The FL 70.3 didn't exactly go "as planned" but there are some other things that I noticed in me.
a) I am not as fit as I thought I was. Even with solid power numbers and "respectable" power to weight ratios, I am still to heavy and now more drastic measures will be taken. Doctor appointments have been made.
b) Mental health does effect your racing. Although Lorrie and I have never been happier together, being unemployed and having that "hanging" around my neck (ouch) is something you cannot train for. Race week had multiple job interviews and running around dealing with different HR screening types, the loss of the Disney.com Manager job in Orlando (a gig I REALLY wanted - and was ultra qualified for, in the end it went to a guy with consumer website management experience. I have commercial/industrial), and the cherry on top - the death of my Uncle Bob in Minnesota and another friend (30) both from Cancer. During the race I just hurt all over. Now some of that was from getting hit in the neck, but I look back thinking that it may have hurt more because of what was filtering in the background of my mind. Don't get me wrong. I was racing in the moment. I really was. On race day there was no snap or explosive strength which is my key asset.
Take a lesson from Chrissie Wellington. I think she wins because of her mental strength which powers her physical strength. I think she is the best triathlete in the world right now, including the men. She is changing the sport and in time, may redefine it like a Paula Newby-Frasier. IMHO the top people in the sport (ever) are Paula, Dave Scott, Mark Allen and Natasha Badmann. Chrissie may join that group shortly. What do these folks have in common? Mental strength paired with tremendous physical abilities.
Here is a bit of Chrissie's latest blog. With what I mentioned in mind, read between the lines here. She is getting stronger.
You cannot achieve your stretch goals until you are truly happy in your own skin.
learning the lessons
May 19th, 2009
We all have expectations for ourselves, in training, in racing and in life in general. But what happens when we don’t meet those expectations. When, in our minds at least, we have performed badly and in some way ‘failed’? I guess what I am trying to say is. How do you cope with not reaching your goals?
For me my response, attitude and approach to perceived ‘failure’ was put to the test on Sunday at the Columbia Triathlon. I had a number of reasons for wanting to do the race. To test my short course speed, to visit a part of the USA that I hadn’t been to before, to support the Blazeman Foundation for ALS (one of the nominated race charities) and to break out of my long course comfort zone.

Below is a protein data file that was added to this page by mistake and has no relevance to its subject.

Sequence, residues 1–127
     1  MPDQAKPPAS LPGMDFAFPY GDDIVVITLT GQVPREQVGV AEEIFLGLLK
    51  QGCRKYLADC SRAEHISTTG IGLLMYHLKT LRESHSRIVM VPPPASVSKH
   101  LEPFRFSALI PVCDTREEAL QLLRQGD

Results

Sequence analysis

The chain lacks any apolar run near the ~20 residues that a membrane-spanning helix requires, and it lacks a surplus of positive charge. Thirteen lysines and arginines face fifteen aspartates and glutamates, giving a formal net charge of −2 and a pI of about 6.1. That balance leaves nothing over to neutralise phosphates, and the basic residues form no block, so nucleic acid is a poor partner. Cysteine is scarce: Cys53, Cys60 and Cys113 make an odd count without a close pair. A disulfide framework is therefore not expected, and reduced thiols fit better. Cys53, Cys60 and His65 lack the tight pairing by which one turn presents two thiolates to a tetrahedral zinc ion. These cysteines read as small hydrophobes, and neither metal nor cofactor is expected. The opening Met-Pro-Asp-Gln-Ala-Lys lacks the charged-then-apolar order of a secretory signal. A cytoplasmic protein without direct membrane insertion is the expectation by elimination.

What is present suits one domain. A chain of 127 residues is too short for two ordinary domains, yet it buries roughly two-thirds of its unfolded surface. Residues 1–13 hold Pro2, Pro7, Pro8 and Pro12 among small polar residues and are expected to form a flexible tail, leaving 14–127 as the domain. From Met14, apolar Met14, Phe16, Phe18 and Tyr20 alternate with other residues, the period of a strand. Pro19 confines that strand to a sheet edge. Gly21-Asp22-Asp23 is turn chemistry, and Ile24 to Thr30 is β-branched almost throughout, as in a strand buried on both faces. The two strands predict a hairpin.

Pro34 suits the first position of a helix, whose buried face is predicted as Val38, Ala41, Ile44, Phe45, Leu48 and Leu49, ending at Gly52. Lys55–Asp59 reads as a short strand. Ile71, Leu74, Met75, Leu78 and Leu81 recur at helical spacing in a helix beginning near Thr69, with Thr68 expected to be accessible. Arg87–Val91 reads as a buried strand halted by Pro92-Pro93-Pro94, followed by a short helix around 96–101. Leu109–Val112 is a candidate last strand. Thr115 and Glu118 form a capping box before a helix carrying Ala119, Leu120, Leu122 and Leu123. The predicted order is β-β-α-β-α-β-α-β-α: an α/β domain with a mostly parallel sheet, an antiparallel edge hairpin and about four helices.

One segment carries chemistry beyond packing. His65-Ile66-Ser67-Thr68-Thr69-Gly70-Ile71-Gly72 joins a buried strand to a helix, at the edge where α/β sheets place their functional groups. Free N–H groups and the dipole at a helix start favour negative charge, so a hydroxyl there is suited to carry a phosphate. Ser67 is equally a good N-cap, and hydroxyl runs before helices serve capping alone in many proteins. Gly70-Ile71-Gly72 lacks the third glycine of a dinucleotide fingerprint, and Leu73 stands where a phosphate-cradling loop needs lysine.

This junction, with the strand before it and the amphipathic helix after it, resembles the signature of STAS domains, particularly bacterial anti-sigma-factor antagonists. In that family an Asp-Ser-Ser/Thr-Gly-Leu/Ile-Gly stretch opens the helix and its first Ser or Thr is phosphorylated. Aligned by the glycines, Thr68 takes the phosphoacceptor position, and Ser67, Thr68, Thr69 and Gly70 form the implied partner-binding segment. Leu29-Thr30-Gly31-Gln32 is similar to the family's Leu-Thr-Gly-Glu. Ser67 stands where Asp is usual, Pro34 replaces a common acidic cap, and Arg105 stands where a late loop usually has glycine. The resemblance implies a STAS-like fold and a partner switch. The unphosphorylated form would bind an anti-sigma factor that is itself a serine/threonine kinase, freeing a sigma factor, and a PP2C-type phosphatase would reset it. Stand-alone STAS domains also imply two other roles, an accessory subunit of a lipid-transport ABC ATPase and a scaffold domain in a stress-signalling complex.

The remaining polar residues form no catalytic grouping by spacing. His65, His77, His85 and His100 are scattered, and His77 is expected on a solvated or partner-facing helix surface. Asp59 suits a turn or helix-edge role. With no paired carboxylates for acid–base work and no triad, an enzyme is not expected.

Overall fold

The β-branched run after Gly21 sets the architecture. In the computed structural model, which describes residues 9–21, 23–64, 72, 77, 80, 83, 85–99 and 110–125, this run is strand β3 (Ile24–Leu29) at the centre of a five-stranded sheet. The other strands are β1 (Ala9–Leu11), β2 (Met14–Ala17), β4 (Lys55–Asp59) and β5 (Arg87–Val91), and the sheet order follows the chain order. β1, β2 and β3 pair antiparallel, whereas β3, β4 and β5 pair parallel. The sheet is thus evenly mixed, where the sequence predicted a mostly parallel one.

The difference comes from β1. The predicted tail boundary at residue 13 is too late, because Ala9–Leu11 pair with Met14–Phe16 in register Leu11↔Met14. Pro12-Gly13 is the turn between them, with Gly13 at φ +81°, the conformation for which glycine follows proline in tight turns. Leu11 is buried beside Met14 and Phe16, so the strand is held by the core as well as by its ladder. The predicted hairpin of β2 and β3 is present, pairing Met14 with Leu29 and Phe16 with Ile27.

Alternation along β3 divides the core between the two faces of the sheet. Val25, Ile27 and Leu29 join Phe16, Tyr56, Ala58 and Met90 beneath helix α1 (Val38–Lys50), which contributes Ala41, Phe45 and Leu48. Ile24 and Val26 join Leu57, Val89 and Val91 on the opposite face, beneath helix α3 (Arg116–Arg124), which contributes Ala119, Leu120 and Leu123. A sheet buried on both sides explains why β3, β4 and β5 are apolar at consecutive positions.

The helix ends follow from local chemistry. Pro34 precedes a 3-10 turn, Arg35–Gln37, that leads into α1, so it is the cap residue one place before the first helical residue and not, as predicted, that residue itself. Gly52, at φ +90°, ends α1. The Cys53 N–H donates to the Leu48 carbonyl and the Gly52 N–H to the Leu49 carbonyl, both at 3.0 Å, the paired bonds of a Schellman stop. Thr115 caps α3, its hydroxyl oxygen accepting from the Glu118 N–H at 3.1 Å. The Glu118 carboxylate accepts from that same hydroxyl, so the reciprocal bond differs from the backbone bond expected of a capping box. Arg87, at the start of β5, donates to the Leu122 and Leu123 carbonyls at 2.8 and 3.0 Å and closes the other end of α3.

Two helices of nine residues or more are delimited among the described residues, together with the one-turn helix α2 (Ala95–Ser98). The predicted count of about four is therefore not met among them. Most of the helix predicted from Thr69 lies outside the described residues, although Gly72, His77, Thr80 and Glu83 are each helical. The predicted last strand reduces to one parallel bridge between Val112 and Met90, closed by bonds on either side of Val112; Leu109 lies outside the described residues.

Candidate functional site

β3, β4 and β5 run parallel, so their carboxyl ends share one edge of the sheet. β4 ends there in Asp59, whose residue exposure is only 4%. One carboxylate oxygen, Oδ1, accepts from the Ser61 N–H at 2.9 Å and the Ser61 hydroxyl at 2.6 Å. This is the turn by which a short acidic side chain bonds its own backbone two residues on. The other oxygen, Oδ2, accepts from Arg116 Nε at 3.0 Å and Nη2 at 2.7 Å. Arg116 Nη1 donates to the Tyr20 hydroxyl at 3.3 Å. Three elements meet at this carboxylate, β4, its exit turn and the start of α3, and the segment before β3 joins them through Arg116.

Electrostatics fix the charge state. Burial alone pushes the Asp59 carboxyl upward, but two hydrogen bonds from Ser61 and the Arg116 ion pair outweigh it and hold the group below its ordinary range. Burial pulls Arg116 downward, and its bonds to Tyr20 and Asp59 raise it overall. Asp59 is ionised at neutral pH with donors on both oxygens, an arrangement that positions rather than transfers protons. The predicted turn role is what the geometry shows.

Like any race I enter I went into it wanting to win. Not expecting to win, but aiming for the top nevertheless. And what happened? I felt flat for the whole race. The water was cold (but a lot of the girls have the body fat of a beetle, so i wasnt the only one shivering). I saw the splash of feet as the main pack got away, and when it came to the bike I froze. I urged my body to break into the next gear. It wouldn’t respond. And on the run. I pushed through. But again, my speed and time didn’t equate to the effort I felt was putting in. I crossed the line in 6th. Smiling, but inside incredibly disappointed. So the question is….how do you deal with this?
For me the answer is to look back at the reasons I did the race in the first place…. And then try and make a more objective judgement call on winning and losing, success and failure.
I took myself out of my long course comfort zone, and yes – it hurt. But that’s a good thing.
I visited a part of the US that I had never been to before, saw some beautiful scenery that reminded me so much of being at home in the UK.
I met some fantastic people, before and after the race, and had the opportunity to put medals around the necks of amateurs of all abilities.
I was able to meet Robert Vigorito - the race organiser I had heard so much about and now, having met him, I have immense respect and admiration for.
And looking back I can see some of the mistakes I made. And learn from them. Not getting enough rest on the days before the race; not giving myself the space I need to focus my mind; not swimming fast enough at the outset to get on the feet of the front pack; not wearing enough clothes for the cold/wet conditions. Having the body fat of a beetle. These are all practical lessons to carry forward and learn from. Of course I also need to deal mentally with not performing to my best. And I think that is the biggest test of all. Coping with perceived ‘failure’ is hard. Many of us are perfectionists, and set the highest standards for ourselves. And so we should. But I have to look at the bigger picture and see the race as a rung on the ladder. Look forwards. The world won’t stop turning just because I have a bad race. If anything it will make me even more determined to improve. So I will learn, bank it, move on…with even more fire in my belly!
Oh, and for those that are following my friend Billi…the weather on Everest has improved and she is on her way up to the top of the world…..the summit push is on!